Can cancer patients suffer from depression?
With cancer, sadness and grief are normal, but sometimes these feelings last a long time and get in the way of day-to-day activities. Clinical depression occurs in one in four people with cancer, and is a treatable illness. If family and friends notice any of the signs from the list below, they should encourage the cancer patient to get help for depression. Treatment for depression includes medications, counseling, a combination of medications and counseling, or specialized treatments. Getting treatment for depression can greatly increase the quality of life of the cancer patient.
- Sad or "empty" mood almost every day for most of the day
- Loss of interest or pleasure in activities that were once enjoyed
- Eating problems (loss of appetite or overeating), including weight loss or gain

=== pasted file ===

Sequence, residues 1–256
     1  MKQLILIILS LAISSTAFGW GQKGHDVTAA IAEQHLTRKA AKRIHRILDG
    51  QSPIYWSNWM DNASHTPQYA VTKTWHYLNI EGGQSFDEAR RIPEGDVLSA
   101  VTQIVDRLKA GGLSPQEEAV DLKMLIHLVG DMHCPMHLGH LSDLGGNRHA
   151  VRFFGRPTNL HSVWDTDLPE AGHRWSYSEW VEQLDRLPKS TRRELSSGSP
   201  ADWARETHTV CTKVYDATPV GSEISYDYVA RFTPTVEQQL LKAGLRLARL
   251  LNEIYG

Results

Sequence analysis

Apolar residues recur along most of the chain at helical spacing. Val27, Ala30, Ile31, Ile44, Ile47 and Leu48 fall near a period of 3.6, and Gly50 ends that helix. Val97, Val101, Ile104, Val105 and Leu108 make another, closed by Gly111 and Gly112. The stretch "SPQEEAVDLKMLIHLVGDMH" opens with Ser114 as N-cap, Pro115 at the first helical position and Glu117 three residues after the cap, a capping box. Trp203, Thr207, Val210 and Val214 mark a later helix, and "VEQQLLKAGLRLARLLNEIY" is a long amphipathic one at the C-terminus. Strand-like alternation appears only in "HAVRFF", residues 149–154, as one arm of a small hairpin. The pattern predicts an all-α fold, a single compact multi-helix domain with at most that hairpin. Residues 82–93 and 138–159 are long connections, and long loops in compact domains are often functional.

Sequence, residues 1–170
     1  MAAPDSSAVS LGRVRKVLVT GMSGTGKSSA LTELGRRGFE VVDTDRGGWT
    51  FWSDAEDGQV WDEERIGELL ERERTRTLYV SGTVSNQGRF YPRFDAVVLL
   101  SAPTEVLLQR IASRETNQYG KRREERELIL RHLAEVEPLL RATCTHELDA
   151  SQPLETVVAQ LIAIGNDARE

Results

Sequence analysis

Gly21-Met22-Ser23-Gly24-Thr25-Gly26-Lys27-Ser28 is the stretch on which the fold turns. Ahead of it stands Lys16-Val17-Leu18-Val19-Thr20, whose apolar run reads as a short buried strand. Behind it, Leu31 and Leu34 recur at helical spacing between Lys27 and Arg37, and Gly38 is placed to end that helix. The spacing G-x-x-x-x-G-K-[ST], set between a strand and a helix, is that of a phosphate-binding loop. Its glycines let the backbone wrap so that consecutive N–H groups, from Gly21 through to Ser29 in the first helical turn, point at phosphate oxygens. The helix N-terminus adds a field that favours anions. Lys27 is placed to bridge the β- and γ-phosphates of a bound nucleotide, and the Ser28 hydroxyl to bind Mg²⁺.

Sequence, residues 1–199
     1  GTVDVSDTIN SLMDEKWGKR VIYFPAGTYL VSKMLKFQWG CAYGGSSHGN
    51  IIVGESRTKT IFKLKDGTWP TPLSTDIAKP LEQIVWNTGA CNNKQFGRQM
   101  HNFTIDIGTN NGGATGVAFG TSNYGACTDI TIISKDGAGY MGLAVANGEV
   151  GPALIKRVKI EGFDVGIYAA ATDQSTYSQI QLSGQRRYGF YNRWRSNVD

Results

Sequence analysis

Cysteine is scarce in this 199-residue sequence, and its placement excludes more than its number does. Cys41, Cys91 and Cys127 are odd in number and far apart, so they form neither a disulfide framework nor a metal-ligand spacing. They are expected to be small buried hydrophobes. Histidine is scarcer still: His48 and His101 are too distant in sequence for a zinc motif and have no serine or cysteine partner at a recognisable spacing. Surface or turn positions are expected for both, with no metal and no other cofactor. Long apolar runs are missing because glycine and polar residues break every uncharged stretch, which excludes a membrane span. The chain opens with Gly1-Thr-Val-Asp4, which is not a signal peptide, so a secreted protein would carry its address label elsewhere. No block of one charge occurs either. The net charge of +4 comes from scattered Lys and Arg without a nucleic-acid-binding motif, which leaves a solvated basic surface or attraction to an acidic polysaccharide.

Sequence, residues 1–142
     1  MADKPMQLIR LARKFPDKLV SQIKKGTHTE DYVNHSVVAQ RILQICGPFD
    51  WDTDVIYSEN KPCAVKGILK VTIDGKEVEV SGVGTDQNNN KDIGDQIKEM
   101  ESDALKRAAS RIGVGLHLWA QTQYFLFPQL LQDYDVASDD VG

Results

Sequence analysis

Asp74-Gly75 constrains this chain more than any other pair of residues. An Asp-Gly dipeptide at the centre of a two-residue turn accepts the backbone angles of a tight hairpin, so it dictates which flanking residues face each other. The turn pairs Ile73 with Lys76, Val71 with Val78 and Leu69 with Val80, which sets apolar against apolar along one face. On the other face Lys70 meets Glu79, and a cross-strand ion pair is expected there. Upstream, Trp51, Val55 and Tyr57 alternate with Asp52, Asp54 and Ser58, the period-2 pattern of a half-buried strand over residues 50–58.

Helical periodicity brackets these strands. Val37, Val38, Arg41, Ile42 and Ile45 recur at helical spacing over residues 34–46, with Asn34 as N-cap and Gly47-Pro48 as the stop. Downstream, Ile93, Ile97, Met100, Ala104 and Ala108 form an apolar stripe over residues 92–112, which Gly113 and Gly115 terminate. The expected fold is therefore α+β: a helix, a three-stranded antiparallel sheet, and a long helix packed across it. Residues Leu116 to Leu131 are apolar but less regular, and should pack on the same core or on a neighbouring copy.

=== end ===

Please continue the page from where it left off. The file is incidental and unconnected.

- Sleep changes (inability to sleep, early waking, or oversleeping)
- Fatigue or decreased energy almost every day
- Other people notice that you are restless or "slowed down" almost every day
- Feelings of guilt, worthlessness, and helplessness
- Trouble concentrating, remembering, or making decisions
- Thoughts of death or suicide, or attempts at suicide
- Wild mood swings from depression to periods of agitation and high energy
If five or more of the above-listed symptoms are noticed and the symptoms last for longer than two weeks, or are very severe, the cancer patient should be evaluated by a qualified health professional.
If the cancer patient has had cancer treatments such as chemotherapy, the patient's eating habits may change. Sleeping habits may also change, as chemotherapy can suck the energy right out of you, so before recommending help, know what medications and treatments the cancer patient is on, and note if there are other signs of clinical depression. When in doubt, always schedule an evaluation.
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